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How Made in China 2025 will influence the material and chemical industry

Jerrold Wang, Analyst
April 14, 2019

Since its launch in 2015, China's strategic plan Made in China 2025 has gathered attention around the globe. It represents China's ambition to shift from the world's factory for cheap and low-quality products to the world's provider of higher-value-added products and services. At Lux, we heard a lot of interest and concerns from chemicals and materials companies who wonder what this strategic plan is all about, how it will influence the chemical and material industry, and what global companies should do about it.

The goals and material coverage of Made in China 2025

Made in China 2025 set up a three-phase road-map for China to become a global leading manufacturing country with the following goals:

  • By 2020, China will realize industrialization and digitization in manufacturing while lowering resource consumption (energy and materials) and minimizing pollution.
  • By 2035, China will complete industrialization, significantly improve its ability to cultivate and commercialize manufacturing innovations, and make technical breakthroughs to establish global leadership in certain fields.
  • By 2050, China will become one of the global leaders in advanced manufacturing, with strong innovation capability and competitive advantages in the major manufacturing fields, as well as established technology and industrialization systems.

Lux Research - Made in China 2025

Like China's AI development plan, Made in China 2025 targets the country's global leadership in the future and will be supported with government funding for fundamental research, investment for start-ups, and financial incentives (like tax rebates) for industrial companies. Compared with the country's AI plan, Made in China 2025 covers a broader range of physical industries, including IT (chips/processors, telecommunication equipment, and industrial software), robotics, aerospace, advanced trail transportation, new energy vehicles, new materials, and biopharma and medical devices.

The coverage for the new materials in Made in China 2025 is specified by China's 13th Five-Year Plan for the material industry (Material 13FYP) issued in April 2017, which highlights key technologies ranging from fundamental materials (like nonferrous metals) and advanced electronic materials (like new display technologies) to nanomaterials (like graphene) and advanced structural materials (like fiber reinforced polymers).

Lux Research - Chemical Industry - Made in China 2025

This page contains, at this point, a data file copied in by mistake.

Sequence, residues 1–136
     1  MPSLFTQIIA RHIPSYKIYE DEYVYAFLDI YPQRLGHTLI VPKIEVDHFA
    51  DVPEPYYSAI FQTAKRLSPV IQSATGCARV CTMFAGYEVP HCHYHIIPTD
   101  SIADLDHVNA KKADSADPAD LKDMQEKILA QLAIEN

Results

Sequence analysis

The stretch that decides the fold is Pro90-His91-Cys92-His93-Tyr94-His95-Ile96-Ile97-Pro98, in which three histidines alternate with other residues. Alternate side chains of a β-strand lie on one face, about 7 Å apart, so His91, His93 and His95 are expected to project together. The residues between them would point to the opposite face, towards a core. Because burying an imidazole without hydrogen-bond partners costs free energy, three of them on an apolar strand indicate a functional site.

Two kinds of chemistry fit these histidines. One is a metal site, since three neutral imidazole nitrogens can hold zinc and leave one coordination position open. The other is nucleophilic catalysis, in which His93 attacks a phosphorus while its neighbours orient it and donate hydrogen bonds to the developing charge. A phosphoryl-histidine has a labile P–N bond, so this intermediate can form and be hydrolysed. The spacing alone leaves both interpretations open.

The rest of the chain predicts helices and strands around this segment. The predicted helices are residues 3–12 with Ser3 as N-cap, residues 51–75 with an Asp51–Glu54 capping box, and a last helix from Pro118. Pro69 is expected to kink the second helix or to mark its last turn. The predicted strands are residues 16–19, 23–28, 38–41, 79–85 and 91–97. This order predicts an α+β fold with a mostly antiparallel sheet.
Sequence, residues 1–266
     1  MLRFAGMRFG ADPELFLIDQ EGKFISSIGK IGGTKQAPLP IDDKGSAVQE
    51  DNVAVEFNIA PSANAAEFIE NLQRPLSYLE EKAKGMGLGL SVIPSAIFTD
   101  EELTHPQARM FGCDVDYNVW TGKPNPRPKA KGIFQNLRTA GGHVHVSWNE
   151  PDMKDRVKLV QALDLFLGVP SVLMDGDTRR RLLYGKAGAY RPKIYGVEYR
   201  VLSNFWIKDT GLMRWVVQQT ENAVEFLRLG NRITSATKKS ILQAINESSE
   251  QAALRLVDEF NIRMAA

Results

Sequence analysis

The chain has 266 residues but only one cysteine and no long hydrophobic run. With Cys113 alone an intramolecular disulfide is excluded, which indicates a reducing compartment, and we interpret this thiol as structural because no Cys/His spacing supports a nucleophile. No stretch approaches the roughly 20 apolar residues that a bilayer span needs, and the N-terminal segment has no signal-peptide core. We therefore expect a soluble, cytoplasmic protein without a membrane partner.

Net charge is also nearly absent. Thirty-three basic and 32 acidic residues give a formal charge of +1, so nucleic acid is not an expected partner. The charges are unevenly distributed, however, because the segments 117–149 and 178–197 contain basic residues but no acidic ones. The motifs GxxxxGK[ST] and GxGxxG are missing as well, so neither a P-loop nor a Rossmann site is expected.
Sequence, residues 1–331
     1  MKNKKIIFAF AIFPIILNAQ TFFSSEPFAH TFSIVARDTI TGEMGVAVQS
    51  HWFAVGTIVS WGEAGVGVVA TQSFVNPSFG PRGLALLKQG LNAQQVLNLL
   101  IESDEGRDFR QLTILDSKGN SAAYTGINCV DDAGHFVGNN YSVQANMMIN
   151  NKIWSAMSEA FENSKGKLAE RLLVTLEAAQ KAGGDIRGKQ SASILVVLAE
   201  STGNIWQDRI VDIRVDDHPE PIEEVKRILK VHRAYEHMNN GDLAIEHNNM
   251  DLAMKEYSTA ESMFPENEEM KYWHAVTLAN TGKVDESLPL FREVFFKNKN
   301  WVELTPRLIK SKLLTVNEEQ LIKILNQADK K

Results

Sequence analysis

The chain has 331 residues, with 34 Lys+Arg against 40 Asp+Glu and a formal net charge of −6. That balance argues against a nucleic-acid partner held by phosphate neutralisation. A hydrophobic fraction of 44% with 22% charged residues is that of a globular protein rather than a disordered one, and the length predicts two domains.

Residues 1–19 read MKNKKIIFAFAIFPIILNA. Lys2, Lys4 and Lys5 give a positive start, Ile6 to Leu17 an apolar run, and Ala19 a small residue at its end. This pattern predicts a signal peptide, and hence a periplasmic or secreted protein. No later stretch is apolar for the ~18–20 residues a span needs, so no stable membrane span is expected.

How Made in China 2025 and Material 13FPY will influence the global chemical and material industry

Made in China 2025, Material 13FYP, and China's upcoming Five-Year Plans for the material industry in the next two to three decades will bring business opportunities to the global chemical and material companies, given that the country has strong demand for the material technologies highlighted in the policies and is willing to get access to these technologies and products. Specifically, clients have three types of opportunities:

  1. Sales of materials, products, and equipment,
  2. Technology transfer (licensing and selling), and
  3. R&D collaboration.

In the long term, Made in China 2025 will accelerate China's innovations and commercialization for chemicals and materials and challenge to the global leading companies, potentially by dragging down the cost and profit of existing products or facilitating the emergence of new alternatives. Made in China 2025 may also create new Chinese chemical and material companies that are strong in both innovations and market development.

Lux Research - Made in China 2025

What you should and shouldn’t do

It's a bad idea to do nothing and hope that China will move slowly in advanced chemical and material R&D and commercialization. You will miss business opportunities from the large Chinese market, as China will gain access to the cutting-edge technologies and products from other global companies that want to benefit from working with China. In the worst possible case, when China cannot access these technologies through global players, it will mobilize its R&D capability to create technical breakthroughs itself (though this may make take some time for certain technologies), thus leaving very limited or no opportunities for global companies, just like the current situation in carbon fiber (see our report "China Carbon Fiber") and AI chips (see our insight "China becomes the innovation hotbed for AI chips"). China has the resources at its disposal through its government, academic, and private sectors to meet its Made in China 2025 goals, and it has a strong track record of becoming a technology leader in areas like solar, telecom, and electronics.

To reap the benefits from the Chinese chemical and material market, clients should leverage at least one of the three types of opportunities identified above. Among these three opportunities:

  • Sales of materials, products, and equipment
  • Technology transfer (licensing or selling)
  • Joint R&D

Made in China 2025 and Material 13FYP, as well as other upcoming policies carrying the same theme and goals, will accelerate China's advanced chemical and material R&D and commercialization and bring tremendous business opportunities for global leading chemical and material companies. Companies should choose the right opportunities based on their own business case, reaping both short-term and long-term business benefits from the Chinese market.

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